RAFIEYAN: I'm thinking investors don't necessarily want to be stuck with a bunch of pubs that they need to somehow unload.

FOX: Exactly. Exactly. Like, I don't see many of them making a career change from, you know, loaning money to huge businesses to, you know, stepping behind a bar to serve drinks.

RAFIEYAN: And here's where the lying comes in.

GARCIA: Eh, not quite the lying. More like the massaging the truth, maybe bending or tilting reality ever so slightly.

RAFIEYAN: Massaging the truth just a bit. So to avoid breaking its covenant, which required that Punch Taverns make a certain amount of money, they agreed with their lenders to report last year's earnings in place of this years, which means technically they didn't break their covenants, at least on paper.

GARCIA: Yeah, other companies have struck similar deals. And these companies include concert organizer Live Nation and the luggage-maker Samsonite. But some companies have taken it a step further, going so far as to invent an entirely new accounting term. Enter EBITDAC.

RAFIEYAN: So if you're an accounting nerd like me, you'll be familiar with EBITDA. If you've never heard of it, don't worry too much about it. It's just a very popular way to measure a company's profitability. Now some are reporting EBITDAC, with a C at the end. The C stands for coronavirus. And again, if this is too wonky for you, all you need to know is that EBITDAC is a way for companies to report their hypothetical earnings, what their earnings would have looked like if coronavirus had never happened.

GARCIA: Yeah. And in fact, the term EBITDAC, so in other words, how profitable a company is in this magical world where coronavirus didn't exist, was originally coined as a joke on social media. Somebody started making novelty coffee mugs with EBITDAC emblazoned on the side.

FOX: Everybody thought it was funny until it actually started to happen. And companies were reporting their profitability, adding back lost revenues as if they had not had the disruption caused by coronavirus.

RAFIEYAN: That's right. Last month, German manufacturing company Schenck Process became, as far as we can tell, the first company to officially report its EBITDAC. They literally used this joke term in their earnings report. And this method of reporting hypothetical earnings may be starting to catch on a bit. Uber recently reported, quote, unquote, "adjusted earnings," which added back in some of its coronavirus-related expenses. And by one estimate, as many as 1 in 10 large companies may be using some kind of coronavirus-adjusted earnings metric.

GARCIA: Yeah. And as you might have guessed, there is an element of wishful thinking in all this. Basically what's happening is that companies are reporting what would have happened if we lived in the world we all wish we had, without coronavirus, instead of the world we actually have, which sadly does include coronavirus. Sabrina Fox concedes that agreeing to report these sorts of kind of fictitious numbers can be a useful way to avoid unnecessary upheavals and just keep the economy running as smoothly as possible. But she does worry that if companies are allowed to skirt these loan requirements, it could lead some businesses to borrow more money than they can eventually afford to pay back.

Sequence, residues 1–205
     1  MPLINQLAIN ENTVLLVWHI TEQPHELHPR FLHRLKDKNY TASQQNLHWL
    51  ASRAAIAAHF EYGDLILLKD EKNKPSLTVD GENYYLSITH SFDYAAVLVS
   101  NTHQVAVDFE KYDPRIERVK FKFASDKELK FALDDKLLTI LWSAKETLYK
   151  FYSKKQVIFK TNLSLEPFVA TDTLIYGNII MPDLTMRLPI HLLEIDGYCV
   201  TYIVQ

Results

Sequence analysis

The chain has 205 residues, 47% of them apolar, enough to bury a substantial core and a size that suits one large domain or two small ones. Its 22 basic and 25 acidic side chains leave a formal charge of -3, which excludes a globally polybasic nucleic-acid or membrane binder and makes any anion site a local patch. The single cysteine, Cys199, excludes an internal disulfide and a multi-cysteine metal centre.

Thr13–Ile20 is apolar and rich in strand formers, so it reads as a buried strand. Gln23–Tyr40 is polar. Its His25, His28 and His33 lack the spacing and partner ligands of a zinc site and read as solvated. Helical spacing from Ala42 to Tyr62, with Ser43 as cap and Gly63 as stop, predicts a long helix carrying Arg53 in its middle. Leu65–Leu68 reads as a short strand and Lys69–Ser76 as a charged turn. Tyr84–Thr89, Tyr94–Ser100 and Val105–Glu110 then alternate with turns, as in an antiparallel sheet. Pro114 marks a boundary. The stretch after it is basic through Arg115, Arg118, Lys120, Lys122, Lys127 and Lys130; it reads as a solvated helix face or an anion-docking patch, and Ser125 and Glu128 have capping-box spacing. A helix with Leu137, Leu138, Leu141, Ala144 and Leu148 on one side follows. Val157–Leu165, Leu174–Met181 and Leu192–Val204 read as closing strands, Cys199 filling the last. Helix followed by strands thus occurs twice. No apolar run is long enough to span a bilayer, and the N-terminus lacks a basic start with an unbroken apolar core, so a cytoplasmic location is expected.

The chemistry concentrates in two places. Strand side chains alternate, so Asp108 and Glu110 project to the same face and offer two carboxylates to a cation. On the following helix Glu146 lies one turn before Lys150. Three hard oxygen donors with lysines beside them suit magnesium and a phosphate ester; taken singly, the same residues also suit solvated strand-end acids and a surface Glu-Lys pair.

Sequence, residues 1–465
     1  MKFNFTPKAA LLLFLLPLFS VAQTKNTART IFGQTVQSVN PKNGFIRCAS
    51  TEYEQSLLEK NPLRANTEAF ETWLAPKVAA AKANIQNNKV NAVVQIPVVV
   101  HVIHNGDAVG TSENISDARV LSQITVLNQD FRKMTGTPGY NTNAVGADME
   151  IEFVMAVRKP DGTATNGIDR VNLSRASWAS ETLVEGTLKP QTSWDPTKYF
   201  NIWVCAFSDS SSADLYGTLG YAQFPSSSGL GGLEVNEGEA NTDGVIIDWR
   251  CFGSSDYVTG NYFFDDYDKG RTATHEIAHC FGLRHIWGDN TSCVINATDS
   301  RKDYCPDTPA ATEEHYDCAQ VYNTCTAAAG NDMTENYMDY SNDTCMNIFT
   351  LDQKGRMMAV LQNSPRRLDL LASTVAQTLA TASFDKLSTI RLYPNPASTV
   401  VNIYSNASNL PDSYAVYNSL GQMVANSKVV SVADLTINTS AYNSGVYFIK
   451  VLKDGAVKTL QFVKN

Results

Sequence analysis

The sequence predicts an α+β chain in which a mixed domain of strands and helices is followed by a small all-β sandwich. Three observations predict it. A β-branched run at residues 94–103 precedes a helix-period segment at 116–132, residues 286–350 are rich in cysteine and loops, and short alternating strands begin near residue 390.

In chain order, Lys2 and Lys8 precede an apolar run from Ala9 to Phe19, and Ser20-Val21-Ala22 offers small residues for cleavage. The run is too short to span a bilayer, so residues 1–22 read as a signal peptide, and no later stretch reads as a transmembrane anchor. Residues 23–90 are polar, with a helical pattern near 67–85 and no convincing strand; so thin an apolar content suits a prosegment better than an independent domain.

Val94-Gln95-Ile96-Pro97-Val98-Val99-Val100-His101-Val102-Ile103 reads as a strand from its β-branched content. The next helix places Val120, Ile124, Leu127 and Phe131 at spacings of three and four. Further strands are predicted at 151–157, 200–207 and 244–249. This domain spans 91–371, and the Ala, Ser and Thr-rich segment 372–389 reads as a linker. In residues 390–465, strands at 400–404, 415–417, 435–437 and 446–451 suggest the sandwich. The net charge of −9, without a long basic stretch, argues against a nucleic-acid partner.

FOX: Then they're basically just throwing good money after bad. They're pretending that they're the same - at the same level of profitability that they would have been if coronavirus hadn't happened. But we don't know if that's ever going to be the case. So you're borrowing money based on a fiction, and then you're uncertain about whether you're actually going to be able to service that debt. That's when fiction of pretending like coronavirus never happened becomes really, really dangerous.

GARCIA: And this comes at a time when loan covenants are already historically weak. Over the last decade, investors all around the world have been eager to find a place to put their money where they can get a decent return. So they've been lending that money to companies where they can get that return. And that's giving companies a lot of leverage to allow them to negotiate looser and looser and weaker and weaker covenant terms.

RAFIEYAN: Yeah. And Sabrina worries that the pandemic may further erode the few protections that lenders have left. But, she says, given the scale of the crisis we're currently facing, we may all need to be OK with bending reality just a bit.

This episode of THE INDICATOR was produced by Kiarra Powell and fact-checked by Brittany Cronin. Our editor is Paddy Hirsch, and THE INDICATOR is a production of NPR.

(SOUNDBITE OF MUSIC)